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2 August 2007 Edition

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British military campaign was a failure

The British military campaign of almost 40 years in the North of Ireland ended in failure this week. British troops were deployed on the streets of the Six Counties in August 1969 as the one-party Orange state crumbled under the weight of its own sectarianism and as the nationalist population rose up to demand their civil rights.
British soldiers were sent into the North, not as British propagandists and their allies would have it ‘to separate warring factions’ or to stop the sectarian slaughter and pogrom of Catholics. They were deployed to uphold and maintain the political status quo, to bolster the old Stormont regime and to get the RUC – discredited and defeated following events such as the Battle of the Bogside – back in control.
The British Army was Sormont’s latest weapon in an attempt to crush the popular uprising of the nationalist population.
The true role and nature of the British army in Ireland quickly became clear as the British sought to impose a military solution to a political problem. It was an oppressive force directed against one section of the community and its only interest was the maintenance of British rule in Ireland.
Throughout the conflict the British sought to criminalise and defeat the republican struggle. They failed. Repression failed and Britain was eventually forced to the negotiation table.
As a result of the policies of successive British Governments, the people of the North were subjected to decades of war. The cost of that war was felt most dearly in the Six Counties, but also throughout Ireland, in Britain and further afield.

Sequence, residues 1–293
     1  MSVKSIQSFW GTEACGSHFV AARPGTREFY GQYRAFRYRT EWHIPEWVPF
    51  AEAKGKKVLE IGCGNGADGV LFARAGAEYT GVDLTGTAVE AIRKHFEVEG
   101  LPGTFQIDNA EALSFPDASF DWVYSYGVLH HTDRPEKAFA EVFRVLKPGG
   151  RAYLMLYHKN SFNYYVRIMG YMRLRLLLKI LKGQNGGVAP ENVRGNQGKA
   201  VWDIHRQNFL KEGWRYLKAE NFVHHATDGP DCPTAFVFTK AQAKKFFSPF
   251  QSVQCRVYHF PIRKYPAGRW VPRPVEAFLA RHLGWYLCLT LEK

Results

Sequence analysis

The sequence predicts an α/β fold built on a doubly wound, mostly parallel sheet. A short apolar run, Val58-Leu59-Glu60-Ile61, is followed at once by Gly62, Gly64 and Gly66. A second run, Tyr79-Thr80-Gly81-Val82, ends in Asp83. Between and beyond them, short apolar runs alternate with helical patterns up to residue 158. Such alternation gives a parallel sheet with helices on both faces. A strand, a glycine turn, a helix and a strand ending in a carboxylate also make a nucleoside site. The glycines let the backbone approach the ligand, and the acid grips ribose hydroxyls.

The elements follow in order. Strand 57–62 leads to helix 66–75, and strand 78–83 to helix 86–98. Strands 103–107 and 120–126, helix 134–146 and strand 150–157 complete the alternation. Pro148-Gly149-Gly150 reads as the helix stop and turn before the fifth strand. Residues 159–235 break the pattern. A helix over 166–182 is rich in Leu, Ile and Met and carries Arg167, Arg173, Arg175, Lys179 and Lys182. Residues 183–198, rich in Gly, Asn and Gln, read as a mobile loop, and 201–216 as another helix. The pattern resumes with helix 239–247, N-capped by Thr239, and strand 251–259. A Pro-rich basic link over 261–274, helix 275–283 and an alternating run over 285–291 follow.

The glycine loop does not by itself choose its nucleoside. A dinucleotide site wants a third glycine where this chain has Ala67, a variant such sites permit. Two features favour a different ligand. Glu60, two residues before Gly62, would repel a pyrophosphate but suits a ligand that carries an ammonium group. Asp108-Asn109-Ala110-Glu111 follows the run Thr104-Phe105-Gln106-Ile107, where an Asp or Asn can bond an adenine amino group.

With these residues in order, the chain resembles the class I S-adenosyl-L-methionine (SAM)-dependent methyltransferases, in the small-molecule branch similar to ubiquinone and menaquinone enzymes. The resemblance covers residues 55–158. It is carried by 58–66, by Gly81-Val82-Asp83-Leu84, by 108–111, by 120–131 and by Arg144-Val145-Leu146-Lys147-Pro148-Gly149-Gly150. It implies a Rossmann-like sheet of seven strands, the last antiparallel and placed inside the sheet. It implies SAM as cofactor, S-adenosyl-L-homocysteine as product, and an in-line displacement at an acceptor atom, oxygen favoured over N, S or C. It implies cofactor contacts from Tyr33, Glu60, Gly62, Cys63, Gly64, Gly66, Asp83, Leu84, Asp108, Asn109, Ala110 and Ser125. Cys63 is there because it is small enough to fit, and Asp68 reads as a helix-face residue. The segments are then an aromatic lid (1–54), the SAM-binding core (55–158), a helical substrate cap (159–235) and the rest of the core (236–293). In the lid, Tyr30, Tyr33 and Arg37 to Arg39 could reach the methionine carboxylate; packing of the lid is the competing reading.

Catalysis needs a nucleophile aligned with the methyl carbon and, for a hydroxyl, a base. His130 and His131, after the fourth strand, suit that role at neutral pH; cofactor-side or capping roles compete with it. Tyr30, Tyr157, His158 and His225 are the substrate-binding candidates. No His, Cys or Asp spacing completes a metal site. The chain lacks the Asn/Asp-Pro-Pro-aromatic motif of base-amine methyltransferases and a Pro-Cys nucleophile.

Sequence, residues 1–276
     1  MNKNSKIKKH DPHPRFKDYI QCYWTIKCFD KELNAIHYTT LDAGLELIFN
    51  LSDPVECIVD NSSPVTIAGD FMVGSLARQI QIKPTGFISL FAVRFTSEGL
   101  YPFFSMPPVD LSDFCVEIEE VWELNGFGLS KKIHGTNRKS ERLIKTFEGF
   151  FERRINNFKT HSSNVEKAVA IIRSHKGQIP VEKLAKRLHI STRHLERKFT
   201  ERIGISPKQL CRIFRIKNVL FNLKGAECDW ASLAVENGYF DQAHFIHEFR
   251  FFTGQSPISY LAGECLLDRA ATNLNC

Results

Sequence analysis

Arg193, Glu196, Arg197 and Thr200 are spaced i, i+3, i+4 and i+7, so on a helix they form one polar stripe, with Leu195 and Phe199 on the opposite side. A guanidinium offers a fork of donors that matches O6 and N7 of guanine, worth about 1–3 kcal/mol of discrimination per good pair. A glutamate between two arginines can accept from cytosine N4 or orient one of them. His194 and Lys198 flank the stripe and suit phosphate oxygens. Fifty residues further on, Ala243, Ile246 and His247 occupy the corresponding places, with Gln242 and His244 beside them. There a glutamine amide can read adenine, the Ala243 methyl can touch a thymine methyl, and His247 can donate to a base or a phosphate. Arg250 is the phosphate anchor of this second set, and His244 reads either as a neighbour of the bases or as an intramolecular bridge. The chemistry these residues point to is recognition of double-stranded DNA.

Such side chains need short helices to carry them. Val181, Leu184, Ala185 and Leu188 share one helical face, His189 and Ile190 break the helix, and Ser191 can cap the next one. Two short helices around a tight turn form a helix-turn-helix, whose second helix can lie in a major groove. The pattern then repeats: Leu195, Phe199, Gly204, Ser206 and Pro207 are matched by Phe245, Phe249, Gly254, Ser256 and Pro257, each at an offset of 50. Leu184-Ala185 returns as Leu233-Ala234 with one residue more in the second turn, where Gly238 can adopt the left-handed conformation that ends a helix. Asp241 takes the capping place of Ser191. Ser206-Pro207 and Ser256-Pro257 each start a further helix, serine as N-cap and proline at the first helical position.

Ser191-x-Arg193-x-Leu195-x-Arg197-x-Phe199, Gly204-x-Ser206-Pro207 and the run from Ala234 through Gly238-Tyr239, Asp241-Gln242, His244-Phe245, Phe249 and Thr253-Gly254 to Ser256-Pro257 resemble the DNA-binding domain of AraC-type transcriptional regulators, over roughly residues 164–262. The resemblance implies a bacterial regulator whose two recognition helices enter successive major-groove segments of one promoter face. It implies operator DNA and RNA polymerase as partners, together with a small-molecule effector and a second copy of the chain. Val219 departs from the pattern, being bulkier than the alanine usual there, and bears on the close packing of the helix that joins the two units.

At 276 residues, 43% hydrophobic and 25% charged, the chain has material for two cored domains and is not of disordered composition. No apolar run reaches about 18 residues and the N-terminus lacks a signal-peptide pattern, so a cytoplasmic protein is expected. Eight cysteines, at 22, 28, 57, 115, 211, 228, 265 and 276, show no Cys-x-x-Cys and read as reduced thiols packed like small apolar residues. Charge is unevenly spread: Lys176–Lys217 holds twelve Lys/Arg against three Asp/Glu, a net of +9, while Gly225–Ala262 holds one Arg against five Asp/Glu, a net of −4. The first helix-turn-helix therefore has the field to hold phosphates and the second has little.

Only the development of a peace strategy by Irish republicans leading to the Peace Process saw the eventual abandonment of a purely counter-insurgency approach by a British Government.
The abandonment of this strategy, of which the end of the British army’s campaign is part, cleared the way for political progress across Ireland which is of benefit to all in Ireland – nationalist and unionist, and indeed the people of Britain.
After decades of war the republican struggle has never been stronger and republican politics never more relevant.
In the new political dispensation that has emerged with the Peace Process and the Good Friday Agreement, the nationalist community in the Six Counties is confident and assertive of its rights and identity. It has put republicans as equals at the head of new governance in the North.
The British Government has abandoned its unilateral claim of sovereignty in Ireland, and has had to introduce a mechanism by which Irish reunification can occur politically. Today’s republicans will ensure that this happens.
The British Army could never defeat the nationalist people or the men and women Volunteers of Óglaigh na hÉireann.
And lest we forget, military repression in Ireland was a repetition of tactics previously used by the British elsewhere in the world and are the same as those used in Iraq today. It seems the British have yet to learn the lessons of history.

An Phoblacht Magazine


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